04/04/2012 § 2 Comments
Interestingly, Ricky Nelson was one of my earliest crushes, due to a Nick At Nite childhood spent watching Donna Reed, My Three Sons and The Adventures of Ozzie and Harriet, which Ricky starred on with real-life parents Ozzie and Harriet and brother David from 1952 to 1966. With its 14 seasons, the show remains the longest-running live action sitcom in history to this day.
Sidenote 1: I’d say my crush was “interesting” mainly because Ricky was dead by the time I fell in love with him. He died in a plane crash in Texas in 1985.
Sidenote 2: When did Nick At Nite cease actually being Nickelodeon at night and start being its own channel? And why do they now play shows like Friends and Everybody Loves Raymond and not the classic television they used to play? What the Hell! Who approved this?!
Contrary to his wholesome on-screen persona, Ricky was a bit of a hellcat growing up. He also didn’t have much musical instruction or knowledge until he was 16, when he simply decided he’d like to make a record. His father indulged him and Ricky’s music became a part of the family show, starting with his performance of the Fats Domino song I’m Walking in 1957, when he was 17.
The best part might be his dance moves.
An early archetype for what would become the modern teen idol, Ricky’s exposure through his music and the Ozzie and Harriet show caused his popularity to surge — between the years of 1958 and 1959 he charted twelve songs, compared to Elvis Presley’s eleven. He also holds he distinction for achieving the first ever #1 on the newly-created Billboard Hot 100 chart in 1958 for his performance of Poor Little Fool — a song he actually hated and refused to perform on the show.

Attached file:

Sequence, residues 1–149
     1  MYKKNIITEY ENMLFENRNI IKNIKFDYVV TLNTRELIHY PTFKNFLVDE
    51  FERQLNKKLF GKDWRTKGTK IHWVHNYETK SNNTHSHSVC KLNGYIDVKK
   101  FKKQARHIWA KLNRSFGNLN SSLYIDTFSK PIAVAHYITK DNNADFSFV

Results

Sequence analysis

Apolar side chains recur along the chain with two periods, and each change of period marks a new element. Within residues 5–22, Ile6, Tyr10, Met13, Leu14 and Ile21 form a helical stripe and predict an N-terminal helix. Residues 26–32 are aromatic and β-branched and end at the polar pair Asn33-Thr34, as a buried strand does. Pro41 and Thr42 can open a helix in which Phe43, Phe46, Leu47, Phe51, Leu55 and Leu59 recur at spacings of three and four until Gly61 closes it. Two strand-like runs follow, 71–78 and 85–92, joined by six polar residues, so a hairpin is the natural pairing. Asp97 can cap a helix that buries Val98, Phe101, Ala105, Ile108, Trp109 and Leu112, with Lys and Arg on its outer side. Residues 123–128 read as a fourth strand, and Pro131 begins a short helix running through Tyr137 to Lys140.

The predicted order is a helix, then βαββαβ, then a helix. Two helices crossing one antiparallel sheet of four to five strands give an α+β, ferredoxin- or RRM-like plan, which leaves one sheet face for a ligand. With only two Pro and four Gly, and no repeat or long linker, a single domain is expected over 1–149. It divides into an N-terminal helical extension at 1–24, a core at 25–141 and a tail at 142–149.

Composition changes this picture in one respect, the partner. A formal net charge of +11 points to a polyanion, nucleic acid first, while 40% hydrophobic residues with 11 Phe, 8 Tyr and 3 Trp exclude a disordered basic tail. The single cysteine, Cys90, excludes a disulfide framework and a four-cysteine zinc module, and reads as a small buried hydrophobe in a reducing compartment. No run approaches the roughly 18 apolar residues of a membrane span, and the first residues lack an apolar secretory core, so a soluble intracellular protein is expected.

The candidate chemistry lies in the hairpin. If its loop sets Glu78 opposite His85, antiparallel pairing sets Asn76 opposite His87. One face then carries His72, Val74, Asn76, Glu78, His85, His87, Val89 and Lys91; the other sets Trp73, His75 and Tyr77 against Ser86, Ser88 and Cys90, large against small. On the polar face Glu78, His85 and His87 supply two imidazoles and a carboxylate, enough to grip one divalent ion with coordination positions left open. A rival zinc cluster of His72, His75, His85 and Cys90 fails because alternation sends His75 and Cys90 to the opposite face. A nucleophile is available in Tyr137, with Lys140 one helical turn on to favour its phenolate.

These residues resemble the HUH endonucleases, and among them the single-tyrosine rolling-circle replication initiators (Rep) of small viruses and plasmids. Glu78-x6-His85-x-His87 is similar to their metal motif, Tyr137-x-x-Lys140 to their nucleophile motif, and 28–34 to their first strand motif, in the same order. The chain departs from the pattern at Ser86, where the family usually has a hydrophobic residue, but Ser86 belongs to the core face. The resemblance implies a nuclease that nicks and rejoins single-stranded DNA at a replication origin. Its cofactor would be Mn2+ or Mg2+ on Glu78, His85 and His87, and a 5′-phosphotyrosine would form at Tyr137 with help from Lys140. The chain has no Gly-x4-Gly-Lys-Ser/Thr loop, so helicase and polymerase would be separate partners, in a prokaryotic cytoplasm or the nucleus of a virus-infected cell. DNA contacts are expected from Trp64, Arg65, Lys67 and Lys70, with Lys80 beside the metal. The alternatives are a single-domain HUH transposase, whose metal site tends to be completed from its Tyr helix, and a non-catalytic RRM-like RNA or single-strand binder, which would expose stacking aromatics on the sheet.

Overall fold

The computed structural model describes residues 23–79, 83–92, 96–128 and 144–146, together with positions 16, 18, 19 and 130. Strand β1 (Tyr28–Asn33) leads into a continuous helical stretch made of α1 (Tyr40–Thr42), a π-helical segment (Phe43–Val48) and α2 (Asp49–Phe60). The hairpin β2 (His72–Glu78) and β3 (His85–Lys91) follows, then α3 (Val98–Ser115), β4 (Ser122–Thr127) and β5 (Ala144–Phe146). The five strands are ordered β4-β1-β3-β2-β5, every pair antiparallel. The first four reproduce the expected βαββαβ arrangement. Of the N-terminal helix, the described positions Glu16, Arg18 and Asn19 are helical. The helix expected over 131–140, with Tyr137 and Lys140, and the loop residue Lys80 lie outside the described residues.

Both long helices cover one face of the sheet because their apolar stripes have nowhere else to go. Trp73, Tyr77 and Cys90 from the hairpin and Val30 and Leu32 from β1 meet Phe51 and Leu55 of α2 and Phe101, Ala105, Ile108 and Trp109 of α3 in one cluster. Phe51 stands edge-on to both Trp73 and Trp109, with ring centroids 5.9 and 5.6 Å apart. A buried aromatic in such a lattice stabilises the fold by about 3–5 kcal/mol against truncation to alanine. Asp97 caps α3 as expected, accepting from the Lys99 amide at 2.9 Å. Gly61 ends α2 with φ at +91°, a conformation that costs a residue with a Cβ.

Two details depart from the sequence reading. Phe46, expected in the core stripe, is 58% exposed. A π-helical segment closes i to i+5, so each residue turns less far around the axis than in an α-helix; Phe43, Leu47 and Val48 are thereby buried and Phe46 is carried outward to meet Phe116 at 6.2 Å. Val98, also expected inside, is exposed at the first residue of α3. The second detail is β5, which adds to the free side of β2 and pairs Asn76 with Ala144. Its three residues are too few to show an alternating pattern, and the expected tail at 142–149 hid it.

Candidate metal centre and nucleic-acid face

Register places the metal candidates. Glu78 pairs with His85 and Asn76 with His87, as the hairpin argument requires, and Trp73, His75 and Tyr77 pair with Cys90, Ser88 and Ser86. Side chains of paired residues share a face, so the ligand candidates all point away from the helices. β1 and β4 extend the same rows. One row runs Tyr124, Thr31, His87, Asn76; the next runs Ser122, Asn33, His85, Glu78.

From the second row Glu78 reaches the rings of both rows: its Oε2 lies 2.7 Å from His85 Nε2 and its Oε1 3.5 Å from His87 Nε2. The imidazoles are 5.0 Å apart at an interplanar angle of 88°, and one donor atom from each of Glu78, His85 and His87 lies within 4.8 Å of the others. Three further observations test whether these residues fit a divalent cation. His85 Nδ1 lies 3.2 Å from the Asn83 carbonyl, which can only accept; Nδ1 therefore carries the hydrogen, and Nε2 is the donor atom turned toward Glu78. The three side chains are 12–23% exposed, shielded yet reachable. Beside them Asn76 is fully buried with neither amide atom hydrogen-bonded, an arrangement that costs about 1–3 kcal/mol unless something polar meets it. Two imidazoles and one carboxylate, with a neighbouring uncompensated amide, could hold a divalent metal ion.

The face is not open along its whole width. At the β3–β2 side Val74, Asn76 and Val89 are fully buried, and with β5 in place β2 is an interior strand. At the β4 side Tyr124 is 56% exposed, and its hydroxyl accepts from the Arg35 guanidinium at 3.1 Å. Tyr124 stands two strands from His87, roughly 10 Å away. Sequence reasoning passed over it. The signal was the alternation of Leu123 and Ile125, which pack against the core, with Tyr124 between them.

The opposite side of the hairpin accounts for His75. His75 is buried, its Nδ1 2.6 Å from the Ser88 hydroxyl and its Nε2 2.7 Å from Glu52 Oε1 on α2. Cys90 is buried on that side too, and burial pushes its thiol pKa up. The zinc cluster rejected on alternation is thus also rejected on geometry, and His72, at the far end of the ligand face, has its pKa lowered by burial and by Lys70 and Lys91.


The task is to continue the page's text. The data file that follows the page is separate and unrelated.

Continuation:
Poor Little Fool: #1 on the Billboard Hot 100 in 1958
Travelin’ Man: #1 on the Billboard Hot 100 in 1961
Hello Mary Lou: #9 on the Billboard Hot 100 in 1961. Ricky actually preferred to play rockabilly songs like Hello Mary Lou, despite the success he had with ballads.
After an abbreviated tour in 1957, Ricky launched a full tour across America in 1958. Life Magazine sent photographers Ralph Crane and Hank Walker along for the ride to capture the madness, which they did fantastically. I did include quite a few, I hope you don’t mind. Obviously I still have a crush.
Fun bit of trivia: the Nelsons are the only family in history to have three generations of #1 hitmakers. The Ozzie Nelson Orchestra hit number 1 in 1935 with And Then Some, Ricky had his string of hits, and Ricky’s twin sons Matthew and Gunnar, better known as Nelson, hit it in 1990 with (I Can’t Live Without) Your Love and Affection.
Sidenote: Would you be very surprised to learn I also nursed a serious crush on Ricky’s sons, they of streaming, flaxen hair, man bangs, exceptionally tight pants and an amazing/ridiculous video for their #6 hit After The Rain? I suppose my only defense is that it was the 90s, and I was very very very young, after all…